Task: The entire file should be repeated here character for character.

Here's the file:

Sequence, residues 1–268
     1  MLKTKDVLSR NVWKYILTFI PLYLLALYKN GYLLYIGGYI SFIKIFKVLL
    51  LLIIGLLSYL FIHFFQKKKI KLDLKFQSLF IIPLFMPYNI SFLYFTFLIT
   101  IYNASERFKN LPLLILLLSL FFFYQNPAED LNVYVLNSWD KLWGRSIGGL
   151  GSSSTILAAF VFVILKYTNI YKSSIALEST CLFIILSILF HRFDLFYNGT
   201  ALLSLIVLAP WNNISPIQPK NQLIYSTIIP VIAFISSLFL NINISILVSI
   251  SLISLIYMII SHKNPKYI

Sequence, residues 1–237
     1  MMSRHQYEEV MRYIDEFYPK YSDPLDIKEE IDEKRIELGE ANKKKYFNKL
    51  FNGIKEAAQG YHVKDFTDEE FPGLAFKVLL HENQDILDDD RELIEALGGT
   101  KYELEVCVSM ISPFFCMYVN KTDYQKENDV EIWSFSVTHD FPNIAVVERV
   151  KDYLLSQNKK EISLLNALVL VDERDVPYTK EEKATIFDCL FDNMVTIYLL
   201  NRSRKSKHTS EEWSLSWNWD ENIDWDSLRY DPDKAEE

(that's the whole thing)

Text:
Sequence, residues 1–268
     1  MLKTKDVLSR NVWKYILTFI PLYLLALYKN GYLLYIGGYI SFIKIFKVLL
    51  LLIIGLLSYL FIHFFQKKKI KLDLKFQSLF IIPLFMPYNI SFLYFTFLIT
   101  IYNASERFKN LPLLILLLSL FFFYQNPAED LNVYVLNSWD KLWGRSIGGL
   151  GSSSTILAAF VFVILKYTNI YKSSIALEST CLFIILSILF HRFDLFYNGT
   201  ALLSLIVLAP WNNISPIQPK NQLIYSTIIP VIAFISSLFL NINISILVSI
   251  SLISLIYMII SHKNPKYI

Sequence, residues 1–237
     1  MMSRHQYEEV MRYIDEFYPK YSDPLDIKEE IDEKRIELGE ANKKKYFNKL
    51  FNGIKEAAQG YHVKDFTDEE FPGLAFKVLL HENQDILDDD RELIEALGGT
   101  KYELEVCVSM ISPFFCMYVN KTDYQKENDV EIWSFSVTHD FPNIAVVERV
   151  KDYLLSQNKK EISLLNALVL VDERDVPYTK EEKATIFDCL FDNMVTIYLL
   201  NRSRKSKHTS EEWSLSWNWD ENIDWDSLRY DPDKAEE